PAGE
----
> rated at 2.5KVA on ebay. I remember reading some time ago that
> transformer companies rated their transformers to 1000 hz.

IIRC tape wound toroidial transformers are often good to 1000Hz,

> I'm needing like a 3KVDC at about 1.5KVA semi regulated supply but
> don't like to use lots of mfd's of filtering at higher voltages to get
> there. For a 4X1 PA ima building.

microwave oven transformers?

--
&#9858;&#9859; 100% natural

--- Posted via news://freenews.netfront.net/ - Complaints to news@netfront.net ---
```
```NT wrote:
> On Apr 21, 4:27 pm, raypsi <rborow...@gmail.com> wrote:
>> I just bought a 50/60 hz transformer rated 575VAC pri to 230VAC sec
>> rated at 2.5KVA on ebay. I remember reading some time ago that
>> transformer companies rated their transformers to 1000 hz.
>>
>> I'm needing like a 3KVDC at about 1.5KVA semi regulated supply but
>> don't like to use lots of mfd's of filtering at higher voltages to get
>> there. For a 4X1 PA ima building.
>>
>> So I figure getting there by bridge switching 4 IGBT's at 1000hz
>> square wave on a 130VDC supply to the 230VAC winding on the
>> transformer. AT square wave I figure 325 VAC output, from the 575VAC
>> side.
>>
>> Running a 10 step ladder multiplier I get 3250VDC. On a half wave
>> multiplier I figure the last step being hit by 100 hz pulses.
>
> That voltage is very optimistic. Cockcroft walton ladders even at 3
> stages give you nowhere near the Vout you'd expect, even on 1mA out. A
> 10 stager outputting 1.5kVA would be like building a 100ft tower out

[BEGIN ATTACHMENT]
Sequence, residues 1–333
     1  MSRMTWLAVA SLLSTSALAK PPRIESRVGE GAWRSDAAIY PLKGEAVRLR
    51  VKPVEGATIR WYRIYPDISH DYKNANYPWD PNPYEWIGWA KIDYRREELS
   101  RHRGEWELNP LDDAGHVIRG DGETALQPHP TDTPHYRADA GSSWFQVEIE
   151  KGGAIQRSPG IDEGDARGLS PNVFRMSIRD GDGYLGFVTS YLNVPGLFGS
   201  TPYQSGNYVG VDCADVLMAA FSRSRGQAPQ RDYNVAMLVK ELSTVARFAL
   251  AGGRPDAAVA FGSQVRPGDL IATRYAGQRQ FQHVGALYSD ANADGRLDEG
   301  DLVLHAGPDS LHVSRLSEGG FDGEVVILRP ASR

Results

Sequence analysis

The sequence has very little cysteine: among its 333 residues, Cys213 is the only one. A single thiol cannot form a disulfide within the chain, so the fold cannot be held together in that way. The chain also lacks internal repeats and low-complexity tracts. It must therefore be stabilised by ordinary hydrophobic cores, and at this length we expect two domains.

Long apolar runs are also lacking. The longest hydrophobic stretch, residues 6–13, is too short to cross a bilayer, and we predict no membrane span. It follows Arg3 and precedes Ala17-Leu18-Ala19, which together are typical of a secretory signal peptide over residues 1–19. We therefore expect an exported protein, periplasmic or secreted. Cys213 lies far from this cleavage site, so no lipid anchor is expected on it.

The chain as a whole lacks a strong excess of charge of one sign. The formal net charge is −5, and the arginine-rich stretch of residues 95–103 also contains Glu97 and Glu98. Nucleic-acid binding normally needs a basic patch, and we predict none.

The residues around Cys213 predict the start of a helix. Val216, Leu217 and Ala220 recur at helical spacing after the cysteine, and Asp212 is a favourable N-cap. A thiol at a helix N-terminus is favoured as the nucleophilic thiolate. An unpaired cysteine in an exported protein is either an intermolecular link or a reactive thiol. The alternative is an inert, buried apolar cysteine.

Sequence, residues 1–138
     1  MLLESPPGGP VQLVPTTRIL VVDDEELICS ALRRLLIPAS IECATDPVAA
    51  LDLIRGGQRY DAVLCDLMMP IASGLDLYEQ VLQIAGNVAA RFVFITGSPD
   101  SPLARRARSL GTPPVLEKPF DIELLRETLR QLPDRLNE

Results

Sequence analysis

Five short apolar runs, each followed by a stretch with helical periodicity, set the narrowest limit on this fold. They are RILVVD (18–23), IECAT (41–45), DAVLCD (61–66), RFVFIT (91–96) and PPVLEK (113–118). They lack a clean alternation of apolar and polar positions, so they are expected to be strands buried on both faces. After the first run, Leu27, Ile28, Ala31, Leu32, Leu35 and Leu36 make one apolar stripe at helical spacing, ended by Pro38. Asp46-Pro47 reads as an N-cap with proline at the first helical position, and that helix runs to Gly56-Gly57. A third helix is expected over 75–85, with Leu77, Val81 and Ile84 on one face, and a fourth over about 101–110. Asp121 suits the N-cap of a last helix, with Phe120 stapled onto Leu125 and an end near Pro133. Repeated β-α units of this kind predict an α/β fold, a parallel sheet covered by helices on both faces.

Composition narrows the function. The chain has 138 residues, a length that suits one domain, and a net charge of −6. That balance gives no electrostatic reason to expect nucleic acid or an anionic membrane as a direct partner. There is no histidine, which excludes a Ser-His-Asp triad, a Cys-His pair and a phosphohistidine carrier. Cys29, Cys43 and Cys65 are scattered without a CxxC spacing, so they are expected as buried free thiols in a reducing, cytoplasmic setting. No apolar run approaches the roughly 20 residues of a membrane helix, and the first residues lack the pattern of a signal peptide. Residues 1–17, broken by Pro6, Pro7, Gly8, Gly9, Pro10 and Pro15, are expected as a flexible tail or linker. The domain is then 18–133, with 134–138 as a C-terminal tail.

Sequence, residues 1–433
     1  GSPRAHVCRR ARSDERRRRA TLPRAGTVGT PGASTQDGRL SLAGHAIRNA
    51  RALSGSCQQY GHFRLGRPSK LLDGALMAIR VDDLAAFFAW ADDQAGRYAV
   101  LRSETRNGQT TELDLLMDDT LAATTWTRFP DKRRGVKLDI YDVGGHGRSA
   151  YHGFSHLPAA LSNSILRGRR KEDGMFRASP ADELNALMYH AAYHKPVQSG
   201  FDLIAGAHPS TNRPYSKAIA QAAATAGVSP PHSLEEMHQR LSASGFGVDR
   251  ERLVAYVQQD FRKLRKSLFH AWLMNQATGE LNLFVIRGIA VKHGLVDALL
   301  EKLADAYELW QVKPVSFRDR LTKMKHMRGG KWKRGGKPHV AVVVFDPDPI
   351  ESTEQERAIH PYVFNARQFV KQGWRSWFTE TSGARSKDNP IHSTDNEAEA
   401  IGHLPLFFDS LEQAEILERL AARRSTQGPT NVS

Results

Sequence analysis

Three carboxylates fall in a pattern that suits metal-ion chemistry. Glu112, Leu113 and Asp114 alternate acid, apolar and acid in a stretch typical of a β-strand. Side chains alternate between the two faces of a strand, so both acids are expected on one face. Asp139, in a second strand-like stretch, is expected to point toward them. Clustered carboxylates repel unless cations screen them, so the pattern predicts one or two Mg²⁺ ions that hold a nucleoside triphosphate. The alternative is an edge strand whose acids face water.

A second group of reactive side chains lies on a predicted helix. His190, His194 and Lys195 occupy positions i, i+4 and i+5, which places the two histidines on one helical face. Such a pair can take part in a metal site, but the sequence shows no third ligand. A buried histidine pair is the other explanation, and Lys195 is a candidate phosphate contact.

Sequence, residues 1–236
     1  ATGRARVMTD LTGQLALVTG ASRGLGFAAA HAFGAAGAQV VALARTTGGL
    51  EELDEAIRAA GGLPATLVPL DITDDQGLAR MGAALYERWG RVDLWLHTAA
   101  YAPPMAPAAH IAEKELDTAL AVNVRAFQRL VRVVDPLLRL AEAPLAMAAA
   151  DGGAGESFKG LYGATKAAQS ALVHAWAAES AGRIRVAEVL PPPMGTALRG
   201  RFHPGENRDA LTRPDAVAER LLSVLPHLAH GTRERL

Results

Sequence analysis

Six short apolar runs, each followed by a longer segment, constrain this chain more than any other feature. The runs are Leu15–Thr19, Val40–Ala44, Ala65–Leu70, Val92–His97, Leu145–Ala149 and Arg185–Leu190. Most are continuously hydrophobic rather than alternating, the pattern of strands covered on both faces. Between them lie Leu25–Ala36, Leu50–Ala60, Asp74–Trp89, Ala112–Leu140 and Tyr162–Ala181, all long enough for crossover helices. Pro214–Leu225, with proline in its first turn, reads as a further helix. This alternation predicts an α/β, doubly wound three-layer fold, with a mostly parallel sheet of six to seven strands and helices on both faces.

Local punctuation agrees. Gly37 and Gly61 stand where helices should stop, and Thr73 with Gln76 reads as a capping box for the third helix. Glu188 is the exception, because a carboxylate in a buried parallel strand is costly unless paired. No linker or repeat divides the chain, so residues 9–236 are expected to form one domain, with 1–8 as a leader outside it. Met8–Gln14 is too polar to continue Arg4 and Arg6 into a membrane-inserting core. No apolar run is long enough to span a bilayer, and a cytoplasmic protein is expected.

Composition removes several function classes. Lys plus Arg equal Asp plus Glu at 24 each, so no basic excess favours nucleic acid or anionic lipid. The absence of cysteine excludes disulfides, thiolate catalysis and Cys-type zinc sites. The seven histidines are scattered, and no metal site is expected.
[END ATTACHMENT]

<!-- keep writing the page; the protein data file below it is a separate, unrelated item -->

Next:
> of marshmallows.
>

Sorry, but there I have to disagree. I personally built a three-stage
Cockroft-Walton that delivered a solid 2kW plus. It could deliver a lot
more but the plates in my tubes would have been glowing white instead of

In the end what matters in a Cockroft-Walton cascade is the size of the
diodes and the size of the caps. I stepped up from 230VAC to 900VDC and
it held that rail like a rock. IIRC I put around a dozen 470uF caps in
there. That whole area had about the volume of half a shoe box.

>
>> So Am I just spinning my Wheels and stick with 60hz and lots of mfd's
>> with a autoformer configuration getting more VDC per step and going
>> with 5 steps? And no easy way of regulation?
>>
>> 73
>> de N8ZU somewhere in 8 land
>
> I don't see much point using a 2:1 transformer, it doesn't gain much.
> Not everyone agrees, but imho once the voltage you're working with
> gets evil, isolation from mains becomes of little value, if the V is
> ground referenced. 3kV ref ground or neutral is little different.
>
> The most practical way to get 1.5kVA is direct from a transformer, no
> multiplier. And the most practical 1.5kVA transformer is going to be a
> switcher, not 50/60Hz.
>

If you have the \$\$\$, sure. The other way would nowadays be a switcher.
That makes the transformer really small but you have to roll your own